When it comes to prostate cancer, there are a multitude of treatment options, such as prostatectomy, cryotherapy, hormone therapy, and radiation. Cryotherapy is an option that can be very effective for some patients. It utilizes extremely cold temperatures to freeze and destroy cancerous cells in the prostate.
Cryotherapy is actually a medical practice that has been around for some time. Primitive forms of cryotherapy have been used since the early 19th century when ice and salt mixtures were used for breast and cervix cancers. The modern version of cryotherapy, however, that utilizes liquid nitrogen dates back to the late 1960s. Modern cryotherapy for prostate cancer works by cutting a small incision under the scrotum. Then the surgeon inserts a small metal needle into the incision that is used to direct the cold gases. Using an ultrasound to detect the cancerous regions, the surgeon can minimize damage to non-cancerous tissue.
To combat the extreme temperature of cryotherapy, a catheter filled with a warm saline solution is employed to shield the urethra. Due to the short recovery period, small incision, and minimal discomfort, cryotherapy is considered less invasive than a lot of other prostate cancer treatment options and can often be completed without an overnight hospital stay. Since cryotherapy does not typically require anesthesia and can be administered using an epidural, it is a good option for older patients and men with other significant ailments, including diabetes and heart disease.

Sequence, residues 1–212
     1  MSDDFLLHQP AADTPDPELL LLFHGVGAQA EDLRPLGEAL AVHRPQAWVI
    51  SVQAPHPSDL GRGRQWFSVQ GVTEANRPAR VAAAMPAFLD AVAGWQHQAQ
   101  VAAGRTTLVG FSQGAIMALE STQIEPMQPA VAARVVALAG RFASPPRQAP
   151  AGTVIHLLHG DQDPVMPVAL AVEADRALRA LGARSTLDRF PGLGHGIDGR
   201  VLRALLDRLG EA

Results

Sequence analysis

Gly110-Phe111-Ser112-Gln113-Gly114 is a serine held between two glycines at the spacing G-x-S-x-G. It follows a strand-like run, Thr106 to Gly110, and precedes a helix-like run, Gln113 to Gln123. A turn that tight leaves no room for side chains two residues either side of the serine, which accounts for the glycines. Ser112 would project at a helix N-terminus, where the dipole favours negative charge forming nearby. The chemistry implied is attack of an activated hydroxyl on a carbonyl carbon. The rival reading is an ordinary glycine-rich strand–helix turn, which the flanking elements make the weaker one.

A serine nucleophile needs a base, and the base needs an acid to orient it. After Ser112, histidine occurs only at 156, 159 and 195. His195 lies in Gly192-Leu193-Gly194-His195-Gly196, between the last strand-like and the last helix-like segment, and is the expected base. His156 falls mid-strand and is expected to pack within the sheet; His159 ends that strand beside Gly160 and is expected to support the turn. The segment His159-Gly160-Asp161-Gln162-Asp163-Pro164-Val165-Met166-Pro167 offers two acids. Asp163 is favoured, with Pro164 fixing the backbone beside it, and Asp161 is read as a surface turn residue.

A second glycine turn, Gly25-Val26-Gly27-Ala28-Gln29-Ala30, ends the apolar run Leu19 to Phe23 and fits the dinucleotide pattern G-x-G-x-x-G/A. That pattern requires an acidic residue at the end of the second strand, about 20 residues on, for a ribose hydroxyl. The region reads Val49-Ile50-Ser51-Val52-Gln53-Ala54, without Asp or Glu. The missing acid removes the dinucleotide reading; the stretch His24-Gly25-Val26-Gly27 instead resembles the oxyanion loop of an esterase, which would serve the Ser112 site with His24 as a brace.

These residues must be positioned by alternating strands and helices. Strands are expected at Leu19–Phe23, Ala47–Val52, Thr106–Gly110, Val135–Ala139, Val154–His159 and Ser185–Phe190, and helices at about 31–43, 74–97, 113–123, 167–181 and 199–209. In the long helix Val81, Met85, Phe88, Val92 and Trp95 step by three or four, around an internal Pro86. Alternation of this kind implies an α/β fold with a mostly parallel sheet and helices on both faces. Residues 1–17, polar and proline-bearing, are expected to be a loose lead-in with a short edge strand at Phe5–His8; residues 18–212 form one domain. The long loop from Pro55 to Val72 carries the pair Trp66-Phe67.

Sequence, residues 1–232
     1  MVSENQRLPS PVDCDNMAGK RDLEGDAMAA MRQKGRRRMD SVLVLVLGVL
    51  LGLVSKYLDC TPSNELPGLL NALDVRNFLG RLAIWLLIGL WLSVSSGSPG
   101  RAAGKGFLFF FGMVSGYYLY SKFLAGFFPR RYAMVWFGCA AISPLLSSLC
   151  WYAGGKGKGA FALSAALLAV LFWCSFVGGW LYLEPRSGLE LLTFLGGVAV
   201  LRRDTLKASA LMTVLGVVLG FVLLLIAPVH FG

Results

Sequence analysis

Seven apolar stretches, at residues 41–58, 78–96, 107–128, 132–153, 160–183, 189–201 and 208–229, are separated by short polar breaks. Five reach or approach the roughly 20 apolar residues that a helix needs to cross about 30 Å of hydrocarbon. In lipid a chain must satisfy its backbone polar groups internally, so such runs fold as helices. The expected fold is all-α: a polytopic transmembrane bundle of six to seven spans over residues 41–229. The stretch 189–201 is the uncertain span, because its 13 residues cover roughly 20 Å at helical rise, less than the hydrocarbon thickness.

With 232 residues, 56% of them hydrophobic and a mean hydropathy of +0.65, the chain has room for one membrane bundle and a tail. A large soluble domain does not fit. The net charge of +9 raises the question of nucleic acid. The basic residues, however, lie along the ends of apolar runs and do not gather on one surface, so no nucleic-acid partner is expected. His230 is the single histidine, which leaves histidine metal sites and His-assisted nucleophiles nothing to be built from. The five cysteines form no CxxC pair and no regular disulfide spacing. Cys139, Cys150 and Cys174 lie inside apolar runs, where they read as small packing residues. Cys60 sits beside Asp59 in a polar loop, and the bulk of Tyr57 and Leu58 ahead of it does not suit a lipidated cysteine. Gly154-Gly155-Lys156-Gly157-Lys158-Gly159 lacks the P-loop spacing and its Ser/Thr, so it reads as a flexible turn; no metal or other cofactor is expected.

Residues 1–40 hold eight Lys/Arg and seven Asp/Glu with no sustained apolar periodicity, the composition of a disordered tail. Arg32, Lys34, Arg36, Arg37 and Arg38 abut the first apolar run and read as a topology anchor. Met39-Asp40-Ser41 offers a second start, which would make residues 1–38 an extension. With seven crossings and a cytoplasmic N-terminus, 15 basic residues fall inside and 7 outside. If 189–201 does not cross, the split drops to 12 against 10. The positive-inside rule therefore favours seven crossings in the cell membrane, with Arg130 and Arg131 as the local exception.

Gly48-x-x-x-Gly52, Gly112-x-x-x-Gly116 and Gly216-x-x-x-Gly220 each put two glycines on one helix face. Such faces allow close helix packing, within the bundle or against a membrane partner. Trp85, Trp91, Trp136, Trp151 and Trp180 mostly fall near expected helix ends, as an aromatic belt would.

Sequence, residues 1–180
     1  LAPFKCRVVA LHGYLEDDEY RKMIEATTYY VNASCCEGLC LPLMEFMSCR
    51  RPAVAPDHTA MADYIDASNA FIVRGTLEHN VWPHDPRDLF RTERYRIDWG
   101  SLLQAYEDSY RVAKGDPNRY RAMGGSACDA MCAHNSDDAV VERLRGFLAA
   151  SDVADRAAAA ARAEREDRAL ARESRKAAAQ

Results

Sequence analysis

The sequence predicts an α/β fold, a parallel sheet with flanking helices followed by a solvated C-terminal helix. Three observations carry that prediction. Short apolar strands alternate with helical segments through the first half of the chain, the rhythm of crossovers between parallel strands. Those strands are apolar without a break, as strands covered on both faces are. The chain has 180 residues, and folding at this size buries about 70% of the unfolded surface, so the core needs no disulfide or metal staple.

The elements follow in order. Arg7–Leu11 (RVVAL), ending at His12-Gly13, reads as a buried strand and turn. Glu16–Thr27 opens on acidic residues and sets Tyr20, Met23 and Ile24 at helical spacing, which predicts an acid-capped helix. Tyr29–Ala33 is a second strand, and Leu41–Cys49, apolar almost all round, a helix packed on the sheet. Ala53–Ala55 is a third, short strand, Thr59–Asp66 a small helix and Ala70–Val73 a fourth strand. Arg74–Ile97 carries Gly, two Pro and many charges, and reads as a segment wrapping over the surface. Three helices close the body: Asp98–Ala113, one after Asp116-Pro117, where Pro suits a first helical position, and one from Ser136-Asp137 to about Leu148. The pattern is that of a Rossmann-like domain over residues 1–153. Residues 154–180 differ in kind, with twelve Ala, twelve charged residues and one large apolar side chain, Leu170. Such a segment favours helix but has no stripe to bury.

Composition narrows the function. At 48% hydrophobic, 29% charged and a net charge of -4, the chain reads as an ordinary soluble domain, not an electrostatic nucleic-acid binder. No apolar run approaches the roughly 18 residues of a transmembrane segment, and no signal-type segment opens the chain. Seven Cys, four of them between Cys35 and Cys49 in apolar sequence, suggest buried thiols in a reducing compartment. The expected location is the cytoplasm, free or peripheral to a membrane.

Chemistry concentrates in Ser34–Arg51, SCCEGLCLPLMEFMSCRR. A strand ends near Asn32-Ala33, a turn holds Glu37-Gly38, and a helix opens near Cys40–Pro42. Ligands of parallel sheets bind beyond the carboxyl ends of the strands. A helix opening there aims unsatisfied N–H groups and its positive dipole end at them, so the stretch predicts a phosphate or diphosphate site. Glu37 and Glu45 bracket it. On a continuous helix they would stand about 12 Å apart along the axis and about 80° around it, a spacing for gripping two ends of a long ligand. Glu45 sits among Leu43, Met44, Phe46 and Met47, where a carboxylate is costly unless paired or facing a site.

Once cryotherapy is complete, patients may experience side effects like hematuria (blood in their urine), swelling, soreness, and erectile dysfunction. Most, however, have minimal issues which go away over time. If cryotherapy has been used in conjunction with other prostate cancer treatments such as radiation, patients may experience more serious side effects and urinary incontinence.
Because approximately one-third of men with prostate cancer have a recurrence, further treatment is important. Cryotherapy’s flexibility, quick recovery time, and minimal side effects make it an advantageous choice to treat returning prostate cancer. Nevertheless, patients should check with their doctor for further information about cryotherapy and its use in their treatment.
Prostate cancer is common, but treatments abound. Cryotherapy is a favorable option because it is less invasive than many treatments and can be used by almost any patient—young or old, healthy or unhealthy. Patients should work closely with their doctors to ensure the treatment plans are ideal for their personal situations.
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